Watch our Technical Director, Alden Keefe Sampson, give a virtual presentation for the American Geological Union's 2020 Annual Fall Meeting on the unique features of HydroForecast.
Check out the full AGU citation.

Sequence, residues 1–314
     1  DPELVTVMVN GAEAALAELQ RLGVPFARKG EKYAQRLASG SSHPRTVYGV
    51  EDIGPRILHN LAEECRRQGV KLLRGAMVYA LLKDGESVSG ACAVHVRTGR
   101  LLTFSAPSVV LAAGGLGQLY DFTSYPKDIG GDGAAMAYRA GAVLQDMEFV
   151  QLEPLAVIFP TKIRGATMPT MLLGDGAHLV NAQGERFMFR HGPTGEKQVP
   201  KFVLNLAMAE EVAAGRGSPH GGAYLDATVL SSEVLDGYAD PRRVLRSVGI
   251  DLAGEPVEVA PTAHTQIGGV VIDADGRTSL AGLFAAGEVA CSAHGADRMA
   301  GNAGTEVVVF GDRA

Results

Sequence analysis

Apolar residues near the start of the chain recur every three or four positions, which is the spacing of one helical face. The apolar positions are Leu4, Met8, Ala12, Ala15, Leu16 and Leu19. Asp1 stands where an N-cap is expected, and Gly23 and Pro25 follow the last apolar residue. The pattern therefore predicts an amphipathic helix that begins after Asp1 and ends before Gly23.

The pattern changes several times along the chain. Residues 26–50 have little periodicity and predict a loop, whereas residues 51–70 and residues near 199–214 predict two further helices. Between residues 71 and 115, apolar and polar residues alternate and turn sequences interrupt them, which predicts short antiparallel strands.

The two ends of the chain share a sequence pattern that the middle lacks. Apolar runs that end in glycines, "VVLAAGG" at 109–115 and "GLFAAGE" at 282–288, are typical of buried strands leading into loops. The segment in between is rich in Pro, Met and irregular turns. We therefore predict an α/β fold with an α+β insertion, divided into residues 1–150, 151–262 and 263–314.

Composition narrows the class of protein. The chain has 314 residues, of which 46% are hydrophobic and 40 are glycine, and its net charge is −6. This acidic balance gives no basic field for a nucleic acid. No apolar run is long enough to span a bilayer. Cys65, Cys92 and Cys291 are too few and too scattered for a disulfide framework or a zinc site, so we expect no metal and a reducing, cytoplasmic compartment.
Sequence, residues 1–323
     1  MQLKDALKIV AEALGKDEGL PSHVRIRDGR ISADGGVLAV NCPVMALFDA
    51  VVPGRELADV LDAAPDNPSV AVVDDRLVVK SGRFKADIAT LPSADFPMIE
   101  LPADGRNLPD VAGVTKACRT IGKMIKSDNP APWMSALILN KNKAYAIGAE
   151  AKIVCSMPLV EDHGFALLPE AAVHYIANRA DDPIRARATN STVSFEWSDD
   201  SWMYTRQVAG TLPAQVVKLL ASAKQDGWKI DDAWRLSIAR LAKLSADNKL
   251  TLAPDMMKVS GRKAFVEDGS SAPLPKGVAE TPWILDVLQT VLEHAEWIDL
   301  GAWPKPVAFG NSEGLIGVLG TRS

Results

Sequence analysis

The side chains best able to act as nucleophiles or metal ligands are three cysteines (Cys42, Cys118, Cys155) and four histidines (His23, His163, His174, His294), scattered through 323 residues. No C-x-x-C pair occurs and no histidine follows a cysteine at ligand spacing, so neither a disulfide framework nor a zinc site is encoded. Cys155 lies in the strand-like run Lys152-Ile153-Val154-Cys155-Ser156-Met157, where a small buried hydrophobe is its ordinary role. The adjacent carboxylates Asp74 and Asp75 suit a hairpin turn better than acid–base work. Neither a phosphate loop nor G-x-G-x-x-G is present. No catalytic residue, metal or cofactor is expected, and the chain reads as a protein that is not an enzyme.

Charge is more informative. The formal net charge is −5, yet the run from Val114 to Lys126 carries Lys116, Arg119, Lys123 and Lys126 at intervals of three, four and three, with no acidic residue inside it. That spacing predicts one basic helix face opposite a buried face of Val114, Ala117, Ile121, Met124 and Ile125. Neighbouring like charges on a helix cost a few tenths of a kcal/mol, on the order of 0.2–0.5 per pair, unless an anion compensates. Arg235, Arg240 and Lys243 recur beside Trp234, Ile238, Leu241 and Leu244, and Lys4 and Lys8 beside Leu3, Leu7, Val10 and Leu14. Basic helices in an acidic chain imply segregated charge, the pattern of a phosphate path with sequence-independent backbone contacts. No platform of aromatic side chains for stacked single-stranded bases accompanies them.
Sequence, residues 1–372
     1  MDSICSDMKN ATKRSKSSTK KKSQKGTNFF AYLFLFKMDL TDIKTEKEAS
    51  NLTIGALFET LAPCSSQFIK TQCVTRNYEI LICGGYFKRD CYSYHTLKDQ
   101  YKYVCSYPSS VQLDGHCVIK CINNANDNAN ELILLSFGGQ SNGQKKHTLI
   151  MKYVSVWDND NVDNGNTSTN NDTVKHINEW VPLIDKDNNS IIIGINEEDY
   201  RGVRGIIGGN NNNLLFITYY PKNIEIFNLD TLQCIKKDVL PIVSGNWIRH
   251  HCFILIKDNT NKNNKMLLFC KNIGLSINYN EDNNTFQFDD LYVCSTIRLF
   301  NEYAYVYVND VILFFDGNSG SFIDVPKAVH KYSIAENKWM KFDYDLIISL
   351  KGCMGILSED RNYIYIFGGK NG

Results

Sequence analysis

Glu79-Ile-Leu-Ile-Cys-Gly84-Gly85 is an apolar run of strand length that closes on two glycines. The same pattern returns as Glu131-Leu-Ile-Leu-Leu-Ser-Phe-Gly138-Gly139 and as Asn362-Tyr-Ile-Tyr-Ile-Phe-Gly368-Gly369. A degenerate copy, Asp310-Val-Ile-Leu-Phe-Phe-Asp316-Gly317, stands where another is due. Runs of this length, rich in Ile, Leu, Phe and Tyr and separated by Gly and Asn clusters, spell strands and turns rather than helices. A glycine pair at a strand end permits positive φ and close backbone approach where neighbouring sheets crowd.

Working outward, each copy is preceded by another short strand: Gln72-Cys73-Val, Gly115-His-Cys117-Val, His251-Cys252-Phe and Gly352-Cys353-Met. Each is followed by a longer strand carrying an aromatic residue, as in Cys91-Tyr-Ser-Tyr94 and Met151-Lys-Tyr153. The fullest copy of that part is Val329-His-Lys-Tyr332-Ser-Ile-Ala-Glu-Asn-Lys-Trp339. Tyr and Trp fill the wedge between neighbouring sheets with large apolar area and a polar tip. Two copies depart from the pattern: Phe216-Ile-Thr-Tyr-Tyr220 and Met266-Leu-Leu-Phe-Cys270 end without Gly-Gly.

Unlike traditional streamflow models (e.g., conceptual and process-based models), deep learning models are most accurate when trained on large-sample, geographically diverse datasets . Yet water managers and other forecast users often care about individual locations. How should we train models on big data when the objective is to achieve the highest possible accuracy at specific sites?\ \ The approach our company has developed is to first train a “base” model using data from a large-sample dataset, then further train the models by freezing some of the layers in the deep learning architecture and reducing the learning rate to fine-tune to specific basins. These tuned models produce streamflow forecasts at both 10 day through 6 month horizons that have the highest local accuracy that we have been able to achieve and work well even when there is limited observation data available for training in a particular basin. This allows us to develop a single model structure applicable across most of the continental US and Europe that works in both gauged and ungauged basins , while also quickly producing high-accuracy predictions for specific locations.\ \ In addition, individual users often require forecasts that emphasize accuracy in specific ways. For example, fish conservationists need accurate low flow prediction, and most customers require estimates of uncertainty. We describe how this approach can be tuned to match a range of forecasting metrics and requirements.\ \ This abstract is intended to convey both innovations that increase the applicability of deep learning hydrology models to real-world applications, as well as lessons learned from our company’s experience providing operational streamflow forecasts for utility and environmental customers.